Materials for DIY face mask filters

To prevent and control infectious respiratory diseases such as the COVID-19 or influenza, the first line of defense should be to prevent exposures by using control measures, such as isolation, quarantine, or restricting or closing group gatherings, and/or using local exhaust ventilation. When such measures are not feasible or fully effective, measures such as respiratory hygiene/cough etiquette and hand washing can be useful. Personal respiratory protection provides the last line of defense.

What about the prevalence of the coronavirus (COVID-19) these days? Having a face mask is a must when we want to keep ourselves and people around you safe from the COVID-19 virus. In my previous posts about patterns for face masks, many questions have been asked about what materials can be used as face mask filter. After reading quite some research and reviews, I have come up with a list of materials that can be effective against the coronavirus.

What sewing supplies do I need to start sewing

First, we need to understand about filters in masks. The purpose of a mask is to prevent particles emitted from people infected with COVID-19 from getting to the mouth and nose of the wearer, and filter plays an important role in capturing such particles and stopping them from getting to the respiratory system of the wearer. Filters used in face masks must allow the user to breathe and thus cannot clog when particles adhere to their fibers.

So, what are mask filters are made of? Mask filters are typically composed of mats of nonwoven fibrous materials, such as wool felt, fiberglass paper, or polypropylene. These materials, initially using natural fibers, came into greater prominence with the introduction of synthetic thermoplastics, particularly polypropylene, about 40 years ago. Spun-bonded polypropylene is a fabric or structure in the category of nonwoven textile materials. However, you can always look for different materials, as long as they are safe for your respiratory system.

Of course, you have to keep in mind that these alternatives can’t be as good as N95 masks – they can only help you partially, and the best way to prevent the spread of COVID-19 is social distancing, washing your hands regularly and covering your mouth when you cough or sneeze.

Below is a short list of materials that can be used as filters for DIY face masks:

1. Polypropylene fabric. This is the most used material in all medical face masks – and of course the ideal material for you to make your own. However, I have not been able to buy in small quantity.

Materials for DIY face mask filters - Polypropylene fabric

2. HEPA fabric. This must be the most used filter in DIY face mask projects. Many recommend using this material as it is easy to find and safe to use.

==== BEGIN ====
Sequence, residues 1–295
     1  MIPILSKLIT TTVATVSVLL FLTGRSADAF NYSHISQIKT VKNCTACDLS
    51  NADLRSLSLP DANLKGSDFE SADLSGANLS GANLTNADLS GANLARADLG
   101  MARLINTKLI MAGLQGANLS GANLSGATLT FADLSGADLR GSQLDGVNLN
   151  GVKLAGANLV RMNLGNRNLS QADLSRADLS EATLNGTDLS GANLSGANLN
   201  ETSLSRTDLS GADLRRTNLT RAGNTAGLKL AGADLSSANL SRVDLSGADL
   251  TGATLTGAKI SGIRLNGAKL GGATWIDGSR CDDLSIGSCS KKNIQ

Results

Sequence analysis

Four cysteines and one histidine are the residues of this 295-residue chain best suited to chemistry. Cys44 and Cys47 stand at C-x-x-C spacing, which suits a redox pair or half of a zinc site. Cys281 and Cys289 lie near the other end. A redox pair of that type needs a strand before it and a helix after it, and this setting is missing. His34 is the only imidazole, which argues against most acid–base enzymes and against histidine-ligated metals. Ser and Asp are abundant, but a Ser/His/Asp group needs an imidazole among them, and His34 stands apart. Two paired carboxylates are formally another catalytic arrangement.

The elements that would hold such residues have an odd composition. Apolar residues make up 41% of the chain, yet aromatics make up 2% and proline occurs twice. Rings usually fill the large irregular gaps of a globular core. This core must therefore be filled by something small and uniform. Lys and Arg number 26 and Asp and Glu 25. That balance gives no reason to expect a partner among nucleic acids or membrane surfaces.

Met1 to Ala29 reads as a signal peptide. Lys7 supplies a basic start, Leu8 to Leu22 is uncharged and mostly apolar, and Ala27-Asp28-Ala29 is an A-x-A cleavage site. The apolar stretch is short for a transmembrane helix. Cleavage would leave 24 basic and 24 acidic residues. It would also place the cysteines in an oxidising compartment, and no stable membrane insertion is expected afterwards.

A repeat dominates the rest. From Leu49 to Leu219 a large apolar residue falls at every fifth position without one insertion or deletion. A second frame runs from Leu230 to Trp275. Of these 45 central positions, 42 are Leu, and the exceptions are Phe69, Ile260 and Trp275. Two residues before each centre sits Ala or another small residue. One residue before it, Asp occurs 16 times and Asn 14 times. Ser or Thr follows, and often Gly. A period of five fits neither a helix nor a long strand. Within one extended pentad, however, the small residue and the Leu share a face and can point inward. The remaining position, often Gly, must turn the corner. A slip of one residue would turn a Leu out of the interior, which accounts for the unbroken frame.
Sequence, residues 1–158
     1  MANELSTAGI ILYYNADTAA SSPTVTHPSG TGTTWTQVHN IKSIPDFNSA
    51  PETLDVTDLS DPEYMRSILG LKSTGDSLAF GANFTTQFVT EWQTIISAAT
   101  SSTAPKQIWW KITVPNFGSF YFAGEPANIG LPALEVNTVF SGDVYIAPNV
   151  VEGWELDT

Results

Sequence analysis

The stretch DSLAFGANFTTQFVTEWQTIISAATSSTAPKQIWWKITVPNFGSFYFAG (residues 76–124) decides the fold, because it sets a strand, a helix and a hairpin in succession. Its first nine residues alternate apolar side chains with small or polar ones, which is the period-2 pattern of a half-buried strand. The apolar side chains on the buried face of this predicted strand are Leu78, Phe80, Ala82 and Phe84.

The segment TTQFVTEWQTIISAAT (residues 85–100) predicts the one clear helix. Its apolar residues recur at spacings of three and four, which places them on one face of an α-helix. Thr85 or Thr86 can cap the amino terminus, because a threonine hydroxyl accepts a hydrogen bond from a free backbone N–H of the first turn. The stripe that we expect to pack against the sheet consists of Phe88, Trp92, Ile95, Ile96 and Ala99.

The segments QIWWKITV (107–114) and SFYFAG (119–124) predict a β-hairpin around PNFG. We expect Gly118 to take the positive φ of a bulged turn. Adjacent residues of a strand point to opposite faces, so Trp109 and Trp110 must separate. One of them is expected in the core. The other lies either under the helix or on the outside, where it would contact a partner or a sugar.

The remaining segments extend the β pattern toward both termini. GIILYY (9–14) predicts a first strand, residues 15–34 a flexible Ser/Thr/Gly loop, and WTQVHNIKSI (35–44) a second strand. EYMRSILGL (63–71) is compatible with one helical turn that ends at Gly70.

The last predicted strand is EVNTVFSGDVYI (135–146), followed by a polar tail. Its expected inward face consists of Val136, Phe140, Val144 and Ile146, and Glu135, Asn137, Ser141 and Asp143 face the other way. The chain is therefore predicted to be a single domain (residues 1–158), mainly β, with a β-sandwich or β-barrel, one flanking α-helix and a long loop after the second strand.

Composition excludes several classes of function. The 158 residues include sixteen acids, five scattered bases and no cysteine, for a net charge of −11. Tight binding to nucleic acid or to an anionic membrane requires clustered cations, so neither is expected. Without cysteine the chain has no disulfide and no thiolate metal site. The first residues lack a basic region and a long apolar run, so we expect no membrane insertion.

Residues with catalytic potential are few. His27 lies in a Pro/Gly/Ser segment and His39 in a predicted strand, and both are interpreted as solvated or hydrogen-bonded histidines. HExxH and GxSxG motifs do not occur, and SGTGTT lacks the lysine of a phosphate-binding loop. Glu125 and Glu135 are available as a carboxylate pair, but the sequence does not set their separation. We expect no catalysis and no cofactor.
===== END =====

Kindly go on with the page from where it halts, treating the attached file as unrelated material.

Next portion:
Materials for DIY face mask filters - HEPA

3. Wool felt. This easy to find material can provide decent protection against droplets let out when people cough or sneeze.

Materials for DIY face mask filters - wool felt

4. Fiberglass paper. It is manufactured from 100% borosilicate glass and is useful for filtering. It is durable and can be reused after sanitized properly.

Materials for DIY face mask filters - fiberglass paper

5. Paper tissue. This is the last resort when you can’t get your hands on the above-mentioned materials. Choose the natural, non-bleached type with no fragrance so you won’t need to worry about chemicals.

Materials for DIY face mask filters - paper tissue

6. Coffee filters. Easy, cheap, at least 100 in a pack and disposable.

7. Flannel. Cut it into pieces and put it into the pocket. Can be reused after sanitizing.

What about dryer sheets? In my previous post of the face mask pattern, a nurse commented:

“PLEASE DO NOT USE DRYER SHEETS AS A FILTER!!! Even if they are dry, they may contain up to 9 toxic chemicals such as ammonia that can actually be more dangerous than the virus. As a nurse I am very grateful for all the help, but please do not use any material that could contain toxic materials. If in doubt, look up the ingredients listed by the manufacturer.”

So, before you try to use any new materials for a filter, please look to see if they contain any toxic chemicals.

This post is just my personal recommendation, if you have any better ideas for face mask filter, please leave a comment! Many sewers will thank you for that!

Stay safe!

Grace

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Thank you for visting! Have fun crafting beautiful things 🙂